Tuesday, August 9, 2016
Ninth Circuit Denies Relief to Defendant Whose Sentence Was Increased After Trial
By a MetNews Staff Writer
A woman convicted of first degree murder after successfully challenging her earlier plea of guilty to second degree murder is bound by her own choices and not entitled to habeas corpus relief, the Ninth U.S. Circuit Court of Appeals ruled yesterday.
The panel affirmed the denial by U.S. District Judge Andrew J. Guilford of the Central District of California of Candace L. Fox’s petition. Fox, who has served more than 30 years of a life sentence without the possibility of parole, was seeking to enforce a plea agreement she claims would have made her eligible for parole after seven and a half years.
“We refuse Fox’s request and affirm the district court, because Fox chose in the state habeas proceedings to seek vacation of her conviction, rather than specific performance of the purported plea agreement,” Judge N. Randy Smith wrote for the appeals court. “She therefore has no due process right to specific performance of the rescinded agreement.”
Fox, a onetime manicurist who lived in Canoga Park, was convicted of the murder of Lewis Levy, a crime that she and three friends allegedly planned while sitting around the swimming pool at her housing complex.
According to testimony, Fox’s roommate, Janet Meyer, mentioned that Levy owed her money for sexual services, and that he kept thousands of dollars in travelers’ checks in his apartment. The group decided to rob and kill Levy and use the proceeds to buy cocaine.
After Scott Peters struck Levy over the head with the barrel of a gun, and failed in two attempts to stab him, the group left him semiconscious on the ground while Meyer and Eddie Rangel went to get the drugs. After they returned, Levy was stabbed repeatedly by Meyer with a Swiss Army knife, and struck over the head with a beer bottle by Fox, as Peters attempted to strangle him with a phone cord.
A tip led to the questioning of Meyer, who disclosed the location of the body. Fox, charged with first degree murder with special circumstances of robbery and burglary, agreed to plead guilty to second degree murder and testify against Peters.
Following a preliminary hearing at which Fox testified for nearly five hours, Peters pled guilty to second degree murder. Meyer also pled guilty to second degree murder.
Fox was later sentenced to 15 years to life in prison, based on the plea agreement, which was not reduced to writing. During the course of the plea colloquy, her attorney told the judge “the People have indicated as part of the plea bargain that [Fox would] be looking at obtaining…parole…in seven and a half years,” the prosecutor said that was correct, and the judge responded “All right. Understand that?”
Fox sought habeas corpus relief in 1986, after being informed by prison officials she would not be eligible for parole for 10 years and would be subject to lifelong parole supervision. She argued that she understood the plea agreement to mean that she would be released after seven and a half years if she didn’t get in trouble in prison, and was not advised that she would be on lifelong parole following her release.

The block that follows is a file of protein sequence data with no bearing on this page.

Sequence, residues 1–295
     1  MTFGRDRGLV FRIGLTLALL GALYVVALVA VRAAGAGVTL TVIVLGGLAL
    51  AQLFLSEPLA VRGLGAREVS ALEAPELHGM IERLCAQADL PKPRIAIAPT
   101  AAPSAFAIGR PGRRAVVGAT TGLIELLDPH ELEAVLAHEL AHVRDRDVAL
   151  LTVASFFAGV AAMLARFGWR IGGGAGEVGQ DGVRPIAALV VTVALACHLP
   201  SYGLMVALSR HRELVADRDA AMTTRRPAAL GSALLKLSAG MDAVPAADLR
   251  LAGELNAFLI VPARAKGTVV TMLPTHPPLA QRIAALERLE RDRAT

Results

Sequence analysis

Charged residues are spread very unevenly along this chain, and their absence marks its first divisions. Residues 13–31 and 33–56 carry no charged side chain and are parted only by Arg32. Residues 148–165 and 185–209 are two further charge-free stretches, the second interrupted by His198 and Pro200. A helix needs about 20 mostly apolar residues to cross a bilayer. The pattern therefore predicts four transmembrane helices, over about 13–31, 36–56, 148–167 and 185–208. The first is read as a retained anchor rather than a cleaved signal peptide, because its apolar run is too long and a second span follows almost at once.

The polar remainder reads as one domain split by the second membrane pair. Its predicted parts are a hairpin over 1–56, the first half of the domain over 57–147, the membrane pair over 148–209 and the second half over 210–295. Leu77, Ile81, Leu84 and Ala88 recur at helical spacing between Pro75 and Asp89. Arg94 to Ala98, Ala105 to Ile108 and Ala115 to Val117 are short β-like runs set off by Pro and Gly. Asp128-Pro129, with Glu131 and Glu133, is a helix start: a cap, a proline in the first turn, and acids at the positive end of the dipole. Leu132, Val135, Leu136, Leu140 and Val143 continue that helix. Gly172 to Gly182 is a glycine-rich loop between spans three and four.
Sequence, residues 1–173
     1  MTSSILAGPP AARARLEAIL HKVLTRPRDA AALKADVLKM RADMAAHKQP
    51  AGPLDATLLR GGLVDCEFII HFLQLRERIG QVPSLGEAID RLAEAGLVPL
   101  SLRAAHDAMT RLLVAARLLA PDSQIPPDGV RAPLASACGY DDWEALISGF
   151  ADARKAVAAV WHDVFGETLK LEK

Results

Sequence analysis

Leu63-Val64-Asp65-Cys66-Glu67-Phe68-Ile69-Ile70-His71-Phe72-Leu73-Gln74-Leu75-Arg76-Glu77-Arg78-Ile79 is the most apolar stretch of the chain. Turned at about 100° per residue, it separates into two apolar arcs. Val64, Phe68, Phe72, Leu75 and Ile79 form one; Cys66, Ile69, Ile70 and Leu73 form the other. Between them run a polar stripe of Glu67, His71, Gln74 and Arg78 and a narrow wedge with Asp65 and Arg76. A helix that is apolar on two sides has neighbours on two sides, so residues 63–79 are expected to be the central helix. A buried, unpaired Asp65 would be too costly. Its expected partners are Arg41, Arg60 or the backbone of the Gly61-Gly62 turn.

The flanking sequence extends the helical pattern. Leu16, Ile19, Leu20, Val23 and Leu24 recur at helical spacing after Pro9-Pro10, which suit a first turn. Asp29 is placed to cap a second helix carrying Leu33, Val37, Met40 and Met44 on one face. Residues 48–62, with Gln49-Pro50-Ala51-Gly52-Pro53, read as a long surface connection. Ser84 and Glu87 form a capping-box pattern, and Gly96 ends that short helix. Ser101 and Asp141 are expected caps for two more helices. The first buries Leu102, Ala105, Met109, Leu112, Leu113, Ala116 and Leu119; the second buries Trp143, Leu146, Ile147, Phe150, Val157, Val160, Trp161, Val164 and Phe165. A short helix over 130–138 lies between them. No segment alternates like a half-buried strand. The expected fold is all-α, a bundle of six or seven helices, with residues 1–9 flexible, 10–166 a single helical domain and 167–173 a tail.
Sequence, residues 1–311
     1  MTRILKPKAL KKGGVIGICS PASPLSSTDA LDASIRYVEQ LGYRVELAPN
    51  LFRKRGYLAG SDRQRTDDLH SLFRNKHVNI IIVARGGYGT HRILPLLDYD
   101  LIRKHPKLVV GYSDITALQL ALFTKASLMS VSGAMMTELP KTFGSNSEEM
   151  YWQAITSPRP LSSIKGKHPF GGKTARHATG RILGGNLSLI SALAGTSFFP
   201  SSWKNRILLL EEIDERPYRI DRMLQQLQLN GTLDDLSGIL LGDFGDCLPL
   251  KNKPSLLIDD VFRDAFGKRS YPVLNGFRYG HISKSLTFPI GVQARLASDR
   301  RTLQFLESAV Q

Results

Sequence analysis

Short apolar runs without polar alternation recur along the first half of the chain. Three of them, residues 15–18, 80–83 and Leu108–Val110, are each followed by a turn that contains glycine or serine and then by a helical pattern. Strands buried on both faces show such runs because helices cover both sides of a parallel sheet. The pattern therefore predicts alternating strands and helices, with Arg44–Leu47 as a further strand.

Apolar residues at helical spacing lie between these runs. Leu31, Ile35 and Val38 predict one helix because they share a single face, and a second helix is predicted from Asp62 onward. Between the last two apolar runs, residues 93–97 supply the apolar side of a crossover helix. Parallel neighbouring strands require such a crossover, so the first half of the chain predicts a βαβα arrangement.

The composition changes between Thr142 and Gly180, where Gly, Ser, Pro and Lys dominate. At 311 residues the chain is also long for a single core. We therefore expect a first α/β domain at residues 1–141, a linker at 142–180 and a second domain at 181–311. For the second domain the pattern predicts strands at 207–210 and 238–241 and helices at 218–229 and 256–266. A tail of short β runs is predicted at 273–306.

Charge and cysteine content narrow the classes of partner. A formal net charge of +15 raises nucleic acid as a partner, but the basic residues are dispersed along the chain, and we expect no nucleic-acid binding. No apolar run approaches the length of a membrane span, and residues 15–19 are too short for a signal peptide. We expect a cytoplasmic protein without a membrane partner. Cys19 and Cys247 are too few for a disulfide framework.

She eventually won a ruling in the Los Angeles Superior Court that the failure to advise her of the parole term rendered her plea voidable. She subsequently moved to enforce the purported plea agreement, or to preclude the court from trying her on a first-degree, rather than second-degree, murder charge.
That motion was denied, and she went to trial on the first degree murder charge of which she was convicted. Her subsequent appeals and habeas corpus petitions in state court were denied.
Smith, writing for the Ninth Circuit, said the state court rulings were not unreasonable and were entitled to deference. Fox, he noted, did not seek to enforce the purported plea agreement until after it was rescinded.
The outcome, he acknowledged, was “unfortunate,” because Fox, who cooperated, has would up serving a greater term than the defendants she testified against, and would have been better off if she had lost her habeas corpus petition. The judge, however, noting that she acted against advice of counsel in seeking relief, wrote that there was no precedent requiring the enforcement of the plea agreement.
Judge Andrew Hurwitz concurred. He said the case was “troubling,” but that Smith was correct on the law.
Judge Stephen Reinhardt dissented, arguing that due process requires Fox’s immediate release.
“In the thirty-odd years since Fox first sought to hold the State to its bargain, she has been failed by many people: the state prosecutors who abused her trust, the state judges who failed in their obligation to provide her with an appropriate remedy for the State’s broken promise, and the attorney who sought to ‘withdraw’ her plea rather than seek the remedy she had desired from the beginning—specific performance of her bargain. The majority, while purporting to recognize that this is an ‘unfortunate’ situation, concludes that it cannot provide Fox with a remedy due to the procedural posture of this case. While it comes as no surprise that my colleagues honestly believe that our habeas jurisprudence’s rigid adherence to procedural rules demands a result so antithetical to justice, I cannot in good conscience concur.
The case is Fox v. Johnson, 13-56704.
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